USS Indianapolis survivor honored with statue dedication

James O'Donnell is the only survivor of the USS Indianapolis who grew up in the city.
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Kris Kirschner/Eyewitness News

Indianapolis - A permanent memorial was dedicated Monday to one of the survivors of the worst disaster in naval history.

On the anniversary of the attack on Pearl Harbor, the city held a ceremony to honor not the start of World War II, but its finish.

"It was the worst disaster in our navy's history," said John Gromasiak, USS Indianapolis Survivors Organization.

They also honored a native son that lived to tell about it.

"It is a promise redeemed by men, including Jimmy O'Donnell, who served and fought aboard the USS Indianapolis," said Mayor Greg Ballard.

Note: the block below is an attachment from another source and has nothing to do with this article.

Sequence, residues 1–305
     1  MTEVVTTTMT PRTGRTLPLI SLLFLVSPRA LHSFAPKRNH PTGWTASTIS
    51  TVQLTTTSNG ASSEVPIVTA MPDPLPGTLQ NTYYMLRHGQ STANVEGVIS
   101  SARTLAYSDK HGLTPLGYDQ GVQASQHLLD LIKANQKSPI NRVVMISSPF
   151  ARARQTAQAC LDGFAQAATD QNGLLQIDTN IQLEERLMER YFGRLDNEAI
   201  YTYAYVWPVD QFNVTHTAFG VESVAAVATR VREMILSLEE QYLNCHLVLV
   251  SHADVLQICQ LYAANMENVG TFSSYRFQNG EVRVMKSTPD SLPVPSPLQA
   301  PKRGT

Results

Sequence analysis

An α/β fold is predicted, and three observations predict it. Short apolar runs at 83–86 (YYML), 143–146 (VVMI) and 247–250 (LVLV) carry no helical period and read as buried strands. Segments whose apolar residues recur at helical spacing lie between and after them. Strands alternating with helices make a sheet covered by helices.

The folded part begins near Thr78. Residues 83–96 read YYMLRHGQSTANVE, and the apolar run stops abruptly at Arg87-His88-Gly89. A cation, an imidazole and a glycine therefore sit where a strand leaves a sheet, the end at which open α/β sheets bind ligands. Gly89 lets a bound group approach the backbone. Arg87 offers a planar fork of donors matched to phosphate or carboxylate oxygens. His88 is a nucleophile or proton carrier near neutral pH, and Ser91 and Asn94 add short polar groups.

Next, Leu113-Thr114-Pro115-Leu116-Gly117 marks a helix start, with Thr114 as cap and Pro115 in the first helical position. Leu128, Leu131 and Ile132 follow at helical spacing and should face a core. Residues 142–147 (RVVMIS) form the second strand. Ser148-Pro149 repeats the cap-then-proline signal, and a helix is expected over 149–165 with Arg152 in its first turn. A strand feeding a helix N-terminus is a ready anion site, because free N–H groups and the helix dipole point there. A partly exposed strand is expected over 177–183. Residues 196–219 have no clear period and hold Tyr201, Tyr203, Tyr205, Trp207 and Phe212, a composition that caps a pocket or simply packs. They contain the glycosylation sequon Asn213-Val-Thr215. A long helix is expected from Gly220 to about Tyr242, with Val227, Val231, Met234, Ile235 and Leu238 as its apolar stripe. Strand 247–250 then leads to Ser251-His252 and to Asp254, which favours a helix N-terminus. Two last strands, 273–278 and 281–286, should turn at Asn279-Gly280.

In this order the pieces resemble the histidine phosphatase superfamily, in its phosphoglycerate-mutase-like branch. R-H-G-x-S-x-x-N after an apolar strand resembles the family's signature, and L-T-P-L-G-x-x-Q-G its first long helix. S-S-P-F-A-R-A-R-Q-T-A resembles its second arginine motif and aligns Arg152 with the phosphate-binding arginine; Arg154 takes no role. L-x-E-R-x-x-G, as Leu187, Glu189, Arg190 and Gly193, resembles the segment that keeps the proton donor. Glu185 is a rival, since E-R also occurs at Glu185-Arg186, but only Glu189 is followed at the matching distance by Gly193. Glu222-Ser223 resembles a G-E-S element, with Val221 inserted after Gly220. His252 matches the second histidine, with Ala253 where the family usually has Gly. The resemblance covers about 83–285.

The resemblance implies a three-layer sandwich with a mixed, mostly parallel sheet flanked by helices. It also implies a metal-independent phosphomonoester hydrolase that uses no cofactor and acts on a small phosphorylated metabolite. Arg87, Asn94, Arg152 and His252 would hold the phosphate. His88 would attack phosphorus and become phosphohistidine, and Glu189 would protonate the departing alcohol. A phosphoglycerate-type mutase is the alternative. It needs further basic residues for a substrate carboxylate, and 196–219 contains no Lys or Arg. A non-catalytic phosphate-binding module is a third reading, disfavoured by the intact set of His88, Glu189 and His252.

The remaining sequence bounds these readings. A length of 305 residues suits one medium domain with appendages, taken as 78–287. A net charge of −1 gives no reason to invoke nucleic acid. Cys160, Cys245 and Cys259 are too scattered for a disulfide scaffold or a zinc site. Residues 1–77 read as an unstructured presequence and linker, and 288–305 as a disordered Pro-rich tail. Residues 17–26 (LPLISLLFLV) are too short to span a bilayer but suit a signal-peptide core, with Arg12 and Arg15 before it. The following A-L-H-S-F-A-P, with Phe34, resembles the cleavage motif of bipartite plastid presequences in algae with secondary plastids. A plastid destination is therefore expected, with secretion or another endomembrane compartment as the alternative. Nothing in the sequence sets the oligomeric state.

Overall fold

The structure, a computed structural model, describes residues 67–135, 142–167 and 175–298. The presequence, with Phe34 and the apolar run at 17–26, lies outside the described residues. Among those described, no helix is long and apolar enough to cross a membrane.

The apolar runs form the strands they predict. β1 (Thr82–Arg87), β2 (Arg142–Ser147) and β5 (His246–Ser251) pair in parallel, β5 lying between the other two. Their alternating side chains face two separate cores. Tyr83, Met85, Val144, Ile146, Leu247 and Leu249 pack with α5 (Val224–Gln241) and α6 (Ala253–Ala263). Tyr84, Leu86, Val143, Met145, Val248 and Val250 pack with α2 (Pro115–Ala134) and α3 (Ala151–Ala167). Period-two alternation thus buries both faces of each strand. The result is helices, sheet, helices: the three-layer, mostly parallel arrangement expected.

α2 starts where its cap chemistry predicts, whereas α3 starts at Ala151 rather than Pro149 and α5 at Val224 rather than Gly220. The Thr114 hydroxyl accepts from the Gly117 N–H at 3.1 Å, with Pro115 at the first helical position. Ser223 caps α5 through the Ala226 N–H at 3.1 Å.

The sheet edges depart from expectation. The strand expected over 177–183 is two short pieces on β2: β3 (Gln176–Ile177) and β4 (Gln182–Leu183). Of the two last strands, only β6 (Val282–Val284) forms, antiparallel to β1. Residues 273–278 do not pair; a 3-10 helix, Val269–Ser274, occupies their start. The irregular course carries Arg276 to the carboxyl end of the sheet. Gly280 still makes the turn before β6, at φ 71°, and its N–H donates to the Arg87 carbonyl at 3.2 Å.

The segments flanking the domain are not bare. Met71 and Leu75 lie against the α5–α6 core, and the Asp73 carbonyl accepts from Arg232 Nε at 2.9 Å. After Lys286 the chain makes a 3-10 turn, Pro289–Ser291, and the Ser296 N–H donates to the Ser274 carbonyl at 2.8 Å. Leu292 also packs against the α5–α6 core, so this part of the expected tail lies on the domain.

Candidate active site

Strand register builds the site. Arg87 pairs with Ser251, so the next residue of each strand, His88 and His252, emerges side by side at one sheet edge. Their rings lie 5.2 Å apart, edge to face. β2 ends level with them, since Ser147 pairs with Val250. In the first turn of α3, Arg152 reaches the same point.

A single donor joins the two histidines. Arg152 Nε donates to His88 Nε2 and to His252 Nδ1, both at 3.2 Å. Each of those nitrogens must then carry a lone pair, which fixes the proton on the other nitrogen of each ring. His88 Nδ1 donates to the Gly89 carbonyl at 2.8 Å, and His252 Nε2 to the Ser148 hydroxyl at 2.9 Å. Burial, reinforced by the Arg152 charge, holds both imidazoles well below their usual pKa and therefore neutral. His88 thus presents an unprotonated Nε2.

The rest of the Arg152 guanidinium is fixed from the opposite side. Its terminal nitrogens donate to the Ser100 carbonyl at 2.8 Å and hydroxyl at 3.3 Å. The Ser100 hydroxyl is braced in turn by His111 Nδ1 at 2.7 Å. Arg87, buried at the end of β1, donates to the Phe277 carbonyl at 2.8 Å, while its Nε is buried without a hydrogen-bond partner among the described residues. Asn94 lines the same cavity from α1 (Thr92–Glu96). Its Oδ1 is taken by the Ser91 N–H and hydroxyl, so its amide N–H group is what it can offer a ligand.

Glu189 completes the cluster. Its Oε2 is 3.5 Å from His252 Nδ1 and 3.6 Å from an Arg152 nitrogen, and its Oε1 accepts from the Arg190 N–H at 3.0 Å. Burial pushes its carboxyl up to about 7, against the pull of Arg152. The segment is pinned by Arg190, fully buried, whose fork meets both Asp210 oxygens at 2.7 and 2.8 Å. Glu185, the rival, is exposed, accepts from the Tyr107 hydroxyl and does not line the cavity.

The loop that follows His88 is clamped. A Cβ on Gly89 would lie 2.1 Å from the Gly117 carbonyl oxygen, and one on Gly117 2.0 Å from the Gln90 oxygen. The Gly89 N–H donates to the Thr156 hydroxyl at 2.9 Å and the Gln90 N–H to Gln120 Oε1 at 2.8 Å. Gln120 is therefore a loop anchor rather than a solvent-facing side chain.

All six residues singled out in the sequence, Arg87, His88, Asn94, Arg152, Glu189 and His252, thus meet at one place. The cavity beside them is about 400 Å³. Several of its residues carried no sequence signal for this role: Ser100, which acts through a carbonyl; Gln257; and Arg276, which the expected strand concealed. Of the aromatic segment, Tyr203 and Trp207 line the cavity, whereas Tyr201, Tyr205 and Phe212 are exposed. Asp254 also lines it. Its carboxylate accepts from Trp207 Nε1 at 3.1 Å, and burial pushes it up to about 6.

At 89 years old, the memory of the tragedy of the USS Indianapolis is as clear to James O'Donnell as it was more than six decades ago. His place as one of the lucky ones who made it home is now a permanent reminder for future generations of his place in history.

"This statue is a reminder that freedom has a cost," Ballard said.

Of the nearly 1,200 men aboard the USS Indianapolis, only 317 survived. O'Donnell is the sole survivor from the city that bears its name.

Now, his likeness is carved in granite, but his allegiance remains with those left behind.

"I think it should be for all of them. It's nice, I appreciate it very much. I hope it goes to represent the whole place," O'Donnell said.

"The statue is not merely a piece of granite recognizing and honoring the sacrifice of one man, it represents the generation that saved the world from tyranny," Ballard said.

"It's remarkable," said Mary Hofmeister, O'Donnell's daughter.

For O'Donnell's family, it's the ultimate show of respect. For the city, a sign of gratitude and for a nation, a reminder that there are those willing to stand up for freedom - no matter the cost.